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Quiet research and writing time is merely a dream

Q&A with Raleigh lawyer Elizabeth Spainhour

By DIANA SMITH, Staff Writer

[email protected]


Elizabeth Spainhour is an associate with Brooks Pierce in Raleigh, where she represents media and communications companies in regulatory and business matters.

The University of North Carolina School of Law graduate counsels broadcast clients about the FCC’s Equal Employment Opportunities rules, children’s programming and political advertising. Spainhour also represents broadcasters, newspapers and website publishers in libel and subpoena defense, privacy, public records access and courtroom access matters. She has a special interest in Internet and related communications.

Spainhour is a member of the N.C. Bar Association, Wake County Bar Association, Federal Communications Bar Association and American Bar Association. She is also a member of the section council for the NCBA’s Constitutional Rights and Responsibilities Section.  


NCLW: If you weren’t practicing law, what else would you want to do?

Spainhour: Book reviewer.


NCLW: What is the biggest problem facing the legal profession today?

Spainhour: One problem facing law firms is the tension between traditional law firm models and contemporary


NCLW: How has being an attorney affected your view of the world?

Spainhour: A legal education is a true privilege and one that I wish everyone could have. As attorneys, we are empowered with an understanding of the way our democracy works, our system of state and federal laws and our legal rights and obligations. I see now how important it is to understand these things. A legal education isn’t the only way to make it happen, but it helped me.


NCLW: Who was your mentor and what important lessons did they teach you?

Spainhour: My main mentor in the firm is Mark Prak. He loves practicing law, and you can tell. His enthusiasm is contagious.


NCLW: Is the profession everything you thought it would be when you graduated from law school?

Spainhour: In law school, I envisioned that practicing law would involve extended quiet periods of legal research and writing on a particular topic. My experience as a lawyer is that these extended quiet periods working on one matter are rare to nonexistent. I think one of the most important skills a lawyer can have is the ability to multi-task.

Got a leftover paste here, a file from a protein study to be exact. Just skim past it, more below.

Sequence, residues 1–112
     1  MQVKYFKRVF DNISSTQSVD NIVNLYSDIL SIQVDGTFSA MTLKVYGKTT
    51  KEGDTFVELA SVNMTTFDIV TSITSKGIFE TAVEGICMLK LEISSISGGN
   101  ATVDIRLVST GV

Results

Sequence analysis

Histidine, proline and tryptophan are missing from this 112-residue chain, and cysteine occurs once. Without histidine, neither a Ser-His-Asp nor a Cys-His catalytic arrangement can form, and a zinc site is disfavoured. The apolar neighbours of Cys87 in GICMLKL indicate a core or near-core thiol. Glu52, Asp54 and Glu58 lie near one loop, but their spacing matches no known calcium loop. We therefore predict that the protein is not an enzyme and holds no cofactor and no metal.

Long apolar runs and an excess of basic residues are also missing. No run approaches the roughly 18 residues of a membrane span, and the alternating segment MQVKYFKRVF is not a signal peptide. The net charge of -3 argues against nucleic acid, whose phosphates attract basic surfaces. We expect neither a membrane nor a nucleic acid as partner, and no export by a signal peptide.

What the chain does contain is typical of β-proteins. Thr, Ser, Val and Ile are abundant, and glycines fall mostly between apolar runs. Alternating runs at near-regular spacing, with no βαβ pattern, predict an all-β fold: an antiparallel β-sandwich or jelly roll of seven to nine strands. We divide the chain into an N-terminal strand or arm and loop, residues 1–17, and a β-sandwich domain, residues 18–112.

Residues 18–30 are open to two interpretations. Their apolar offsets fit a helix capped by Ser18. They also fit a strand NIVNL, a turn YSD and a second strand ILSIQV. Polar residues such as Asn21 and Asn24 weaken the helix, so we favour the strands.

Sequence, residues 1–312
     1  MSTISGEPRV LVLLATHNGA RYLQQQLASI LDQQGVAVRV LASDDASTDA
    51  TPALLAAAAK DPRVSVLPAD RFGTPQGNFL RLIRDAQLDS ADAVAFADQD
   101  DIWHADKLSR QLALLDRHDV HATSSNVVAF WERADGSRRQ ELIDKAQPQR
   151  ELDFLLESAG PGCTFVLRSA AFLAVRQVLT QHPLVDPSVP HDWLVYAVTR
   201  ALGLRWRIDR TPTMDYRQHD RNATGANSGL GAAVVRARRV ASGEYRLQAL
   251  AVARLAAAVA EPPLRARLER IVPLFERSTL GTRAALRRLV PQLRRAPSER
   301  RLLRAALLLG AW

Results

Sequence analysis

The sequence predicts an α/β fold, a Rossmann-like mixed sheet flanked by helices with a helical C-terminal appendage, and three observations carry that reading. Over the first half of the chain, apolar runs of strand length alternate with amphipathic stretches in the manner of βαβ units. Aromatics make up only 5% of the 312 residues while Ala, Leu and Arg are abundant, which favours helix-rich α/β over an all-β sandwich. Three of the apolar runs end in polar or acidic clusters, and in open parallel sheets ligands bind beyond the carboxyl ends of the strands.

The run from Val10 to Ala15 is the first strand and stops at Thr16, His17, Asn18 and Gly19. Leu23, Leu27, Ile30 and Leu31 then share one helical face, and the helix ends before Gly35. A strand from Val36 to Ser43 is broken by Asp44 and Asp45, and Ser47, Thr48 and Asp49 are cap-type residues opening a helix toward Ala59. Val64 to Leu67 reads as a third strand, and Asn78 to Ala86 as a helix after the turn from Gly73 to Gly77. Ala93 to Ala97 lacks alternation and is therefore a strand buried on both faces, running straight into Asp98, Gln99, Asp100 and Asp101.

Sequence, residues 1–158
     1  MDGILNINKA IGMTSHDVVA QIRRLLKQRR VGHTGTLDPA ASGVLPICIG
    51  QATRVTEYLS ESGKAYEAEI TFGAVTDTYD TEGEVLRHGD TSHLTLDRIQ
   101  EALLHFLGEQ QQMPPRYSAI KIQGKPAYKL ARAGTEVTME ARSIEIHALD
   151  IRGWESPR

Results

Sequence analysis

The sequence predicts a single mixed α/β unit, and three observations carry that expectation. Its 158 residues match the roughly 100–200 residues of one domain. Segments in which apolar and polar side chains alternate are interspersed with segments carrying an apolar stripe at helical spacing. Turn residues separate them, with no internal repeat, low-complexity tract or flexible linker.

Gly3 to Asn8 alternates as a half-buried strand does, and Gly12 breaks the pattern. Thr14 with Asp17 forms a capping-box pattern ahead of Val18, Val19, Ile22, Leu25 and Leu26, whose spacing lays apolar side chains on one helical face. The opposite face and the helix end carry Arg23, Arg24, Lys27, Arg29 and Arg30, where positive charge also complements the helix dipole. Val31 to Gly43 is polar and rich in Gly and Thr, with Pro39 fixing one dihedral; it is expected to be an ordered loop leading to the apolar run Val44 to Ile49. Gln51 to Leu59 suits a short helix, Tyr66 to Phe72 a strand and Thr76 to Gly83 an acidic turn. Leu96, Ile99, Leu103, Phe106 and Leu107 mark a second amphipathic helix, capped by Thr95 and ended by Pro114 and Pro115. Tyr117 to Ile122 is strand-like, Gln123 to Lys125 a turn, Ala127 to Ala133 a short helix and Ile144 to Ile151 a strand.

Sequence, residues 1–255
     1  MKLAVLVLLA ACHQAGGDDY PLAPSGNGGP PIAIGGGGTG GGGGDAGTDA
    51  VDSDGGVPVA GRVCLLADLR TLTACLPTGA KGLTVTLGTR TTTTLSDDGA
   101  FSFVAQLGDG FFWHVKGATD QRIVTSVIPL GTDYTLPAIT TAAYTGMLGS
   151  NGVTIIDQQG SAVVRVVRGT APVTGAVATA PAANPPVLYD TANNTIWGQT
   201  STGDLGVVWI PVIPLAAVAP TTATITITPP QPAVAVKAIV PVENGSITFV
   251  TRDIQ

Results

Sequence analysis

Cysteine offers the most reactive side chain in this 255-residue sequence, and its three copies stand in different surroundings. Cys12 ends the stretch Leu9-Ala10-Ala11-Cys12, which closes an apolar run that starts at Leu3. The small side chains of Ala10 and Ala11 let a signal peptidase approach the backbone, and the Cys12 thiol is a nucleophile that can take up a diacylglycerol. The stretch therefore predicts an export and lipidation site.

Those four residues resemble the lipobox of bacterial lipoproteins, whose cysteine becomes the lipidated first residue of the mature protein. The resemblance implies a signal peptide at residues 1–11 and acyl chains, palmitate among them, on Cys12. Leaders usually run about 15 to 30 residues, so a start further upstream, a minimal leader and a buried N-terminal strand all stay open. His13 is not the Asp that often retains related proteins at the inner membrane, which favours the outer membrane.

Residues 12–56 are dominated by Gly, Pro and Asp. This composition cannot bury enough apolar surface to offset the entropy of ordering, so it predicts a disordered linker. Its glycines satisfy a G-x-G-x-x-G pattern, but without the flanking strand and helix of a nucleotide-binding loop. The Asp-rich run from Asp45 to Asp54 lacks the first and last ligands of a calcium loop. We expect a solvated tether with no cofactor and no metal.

NCLW: If you took the bar exam today, would you pass?

Spainhour: I would like to think so, but I would want to brush up on secured transactions first!

NCLW: How effective have social media been for your practice?

Spainhour: I am a contributor to a blog ( The blog provides a convenient distribution mechanism for pieces that my fellow contributors and I have written about recent legal developments. 

NCLW: Do you feel CLEs are a waste of time? Why or why not?

Spainhour: No, I have been to some very interesting ones. CLEs offer an opportunity to learn about new developments and to meet other attorneys who have similar subject-matter interests.


NCLW: What is the most unusual thing on your desk or in your office?

Spainhour: I have a William Shakespeare action figure on my desk


NCLW: How has the economy affected your practice?

Spainhour: I believe the economy has generally made companies more deliberate about what legal matters they want to pursue with the assistance of counsel.


Editor’s note: If you would like to participate in a Q&A interview, contact Diana Smith at [email protected]

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